Removing the "DC Thump" from Audio Circuits

Posted on May 25, 2012

You may be familiar with this effect. You switch audio equipment such as an amplifier to a different input and there is a loud click or `thump` in the speaker system. Not all equipment is affected. Some high end audio systems never suffer, but intercoms switching systems are often affected. Most audio outputs have some standing DC voltage which is separated by a capacitor. The capacitor will block this DC voltage while allowing the AC or audio to pass. Audio components using transformer coupling are not affected. The input to an amplifier may have a capacitive input or just a volume control. When switching inputs, charge is transferred through the switch as the input or output capacitors or both reach a state of equilibrium.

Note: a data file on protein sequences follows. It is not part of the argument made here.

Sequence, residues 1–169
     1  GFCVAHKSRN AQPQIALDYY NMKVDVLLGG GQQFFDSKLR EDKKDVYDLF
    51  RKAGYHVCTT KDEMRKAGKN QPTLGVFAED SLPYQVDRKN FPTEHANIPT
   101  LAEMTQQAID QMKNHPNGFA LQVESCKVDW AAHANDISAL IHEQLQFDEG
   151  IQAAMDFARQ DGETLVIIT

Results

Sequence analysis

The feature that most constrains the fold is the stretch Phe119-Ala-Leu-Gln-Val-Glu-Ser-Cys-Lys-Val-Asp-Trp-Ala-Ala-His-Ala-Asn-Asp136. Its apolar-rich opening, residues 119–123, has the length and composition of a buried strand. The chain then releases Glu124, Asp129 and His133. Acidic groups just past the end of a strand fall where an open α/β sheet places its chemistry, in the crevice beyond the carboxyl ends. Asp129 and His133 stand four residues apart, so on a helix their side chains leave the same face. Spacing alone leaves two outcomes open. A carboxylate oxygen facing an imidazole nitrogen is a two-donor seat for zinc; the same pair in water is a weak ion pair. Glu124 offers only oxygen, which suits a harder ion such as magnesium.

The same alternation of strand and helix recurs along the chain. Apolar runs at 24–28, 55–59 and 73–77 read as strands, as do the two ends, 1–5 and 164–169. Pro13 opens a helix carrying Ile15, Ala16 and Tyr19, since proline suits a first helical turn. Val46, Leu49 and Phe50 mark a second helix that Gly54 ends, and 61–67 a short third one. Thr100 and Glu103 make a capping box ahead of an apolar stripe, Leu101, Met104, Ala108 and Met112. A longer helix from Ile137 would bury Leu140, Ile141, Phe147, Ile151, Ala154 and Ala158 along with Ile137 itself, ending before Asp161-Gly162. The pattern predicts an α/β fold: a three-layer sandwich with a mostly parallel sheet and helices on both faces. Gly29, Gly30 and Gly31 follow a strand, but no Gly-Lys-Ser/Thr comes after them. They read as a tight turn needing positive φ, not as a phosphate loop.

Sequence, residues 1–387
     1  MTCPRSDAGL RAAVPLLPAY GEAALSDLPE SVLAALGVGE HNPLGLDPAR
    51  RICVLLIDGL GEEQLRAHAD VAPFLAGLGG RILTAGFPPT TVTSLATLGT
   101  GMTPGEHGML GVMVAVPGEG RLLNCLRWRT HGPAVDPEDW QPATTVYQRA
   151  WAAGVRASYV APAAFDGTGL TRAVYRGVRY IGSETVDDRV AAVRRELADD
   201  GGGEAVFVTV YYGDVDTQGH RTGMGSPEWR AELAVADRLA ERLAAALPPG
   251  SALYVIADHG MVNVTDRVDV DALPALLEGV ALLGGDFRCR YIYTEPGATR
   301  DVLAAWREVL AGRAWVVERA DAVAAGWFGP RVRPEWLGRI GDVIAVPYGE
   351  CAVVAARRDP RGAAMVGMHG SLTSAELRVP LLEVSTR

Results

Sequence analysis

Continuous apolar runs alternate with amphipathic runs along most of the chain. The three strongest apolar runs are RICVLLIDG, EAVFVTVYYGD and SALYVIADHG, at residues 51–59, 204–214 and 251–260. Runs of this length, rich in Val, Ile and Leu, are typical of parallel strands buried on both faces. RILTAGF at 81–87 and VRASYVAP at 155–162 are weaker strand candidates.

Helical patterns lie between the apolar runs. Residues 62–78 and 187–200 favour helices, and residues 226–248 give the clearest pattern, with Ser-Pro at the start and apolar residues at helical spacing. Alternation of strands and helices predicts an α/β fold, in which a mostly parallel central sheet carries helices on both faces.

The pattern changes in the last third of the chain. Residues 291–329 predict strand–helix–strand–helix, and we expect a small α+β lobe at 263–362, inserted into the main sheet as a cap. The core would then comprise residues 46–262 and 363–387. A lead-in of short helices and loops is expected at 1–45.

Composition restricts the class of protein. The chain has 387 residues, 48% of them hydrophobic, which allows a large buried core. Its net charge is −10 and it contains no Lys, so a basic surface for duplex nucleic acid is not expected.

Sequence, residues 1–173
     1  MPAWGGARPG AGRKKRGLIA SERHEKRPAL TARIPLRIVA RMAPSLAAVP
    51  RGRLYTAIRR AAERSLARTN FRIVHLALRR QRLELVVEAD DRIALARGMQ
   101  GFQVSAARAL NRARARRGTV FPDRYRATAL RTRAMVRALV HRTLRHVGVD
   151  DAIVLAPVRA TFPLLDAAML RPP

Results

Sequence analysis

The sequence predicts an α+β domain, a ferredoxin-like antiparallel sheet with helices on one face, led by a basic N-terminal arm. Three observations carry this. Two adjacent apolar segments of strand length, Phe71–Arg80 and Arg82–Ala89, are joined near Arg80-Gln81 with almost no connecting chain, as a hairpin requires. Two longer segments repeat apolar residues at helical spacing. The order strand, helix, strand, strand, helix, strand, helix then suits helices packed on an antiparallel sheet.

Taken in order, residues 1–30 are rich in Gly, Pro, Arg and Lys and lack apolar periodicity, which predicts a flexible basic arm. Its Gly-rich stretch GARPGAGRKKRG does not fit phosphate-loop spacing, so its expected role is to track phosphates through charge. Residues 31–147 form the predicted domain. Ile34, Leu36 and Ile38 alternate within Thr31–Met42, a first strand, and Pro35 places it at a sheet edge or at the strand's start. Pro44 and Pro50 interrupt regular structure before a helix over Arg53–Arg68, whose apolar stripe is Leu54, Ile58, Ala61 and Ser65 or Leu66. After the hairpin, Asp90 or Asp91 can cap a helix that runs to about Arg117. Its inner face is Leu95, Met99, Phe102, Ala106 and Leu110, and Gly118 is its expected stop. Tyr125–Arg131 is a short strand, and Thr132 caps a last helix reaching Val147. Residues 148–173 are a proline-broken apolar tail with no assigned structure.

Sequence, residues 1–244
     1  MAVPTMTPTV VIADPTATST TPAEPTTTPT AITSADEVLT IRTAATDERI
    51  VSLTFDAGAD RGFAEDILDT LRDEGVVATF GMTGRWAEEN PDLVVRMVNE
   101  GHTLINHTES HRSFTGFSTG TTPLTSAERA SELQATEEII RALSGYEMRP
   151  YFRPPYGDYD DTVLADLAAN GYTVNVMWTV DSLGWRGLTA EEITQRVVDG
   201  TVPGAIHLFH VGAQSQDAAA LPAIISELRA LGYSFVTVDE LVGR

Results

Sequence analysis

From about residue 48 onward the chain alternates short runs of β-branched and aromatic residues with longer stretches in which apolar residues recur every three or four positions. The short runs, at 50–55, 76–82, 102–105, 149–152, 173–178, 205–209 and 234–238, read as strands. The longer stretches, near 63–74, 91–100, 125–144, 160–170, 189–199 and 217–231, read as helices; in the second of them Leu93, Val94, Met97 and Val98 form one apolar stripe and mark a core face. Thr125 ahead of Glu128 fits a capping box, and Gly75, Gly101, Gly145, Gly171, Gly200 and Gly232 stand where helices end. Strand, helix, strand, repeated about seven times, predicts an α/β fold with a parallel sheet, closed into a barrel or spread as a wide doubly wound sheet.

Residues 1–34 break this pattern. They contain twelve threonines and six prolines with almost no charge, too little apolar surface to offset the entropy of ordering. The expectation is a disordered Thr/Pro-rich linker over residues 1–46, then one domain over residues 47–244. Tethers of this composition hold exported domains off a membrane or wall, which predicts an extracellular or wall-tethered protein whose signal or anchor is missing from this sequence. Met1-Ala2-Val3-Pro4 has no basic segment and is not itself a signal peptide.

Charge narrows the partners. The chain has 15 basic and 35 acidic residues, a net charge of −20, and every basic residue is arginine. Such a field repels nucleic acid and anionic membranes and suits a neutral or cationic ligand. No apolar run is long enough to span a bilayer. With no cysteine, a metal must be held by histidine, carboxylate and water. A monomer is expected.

Removing the
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This takes only a fraction of a second and what you hear is the annoying dc thump. A typical circuit for audio switching is shown below. This is just an example. At input 1, there is a standing dc voltage on the emitter of the transistor in system A. Thi

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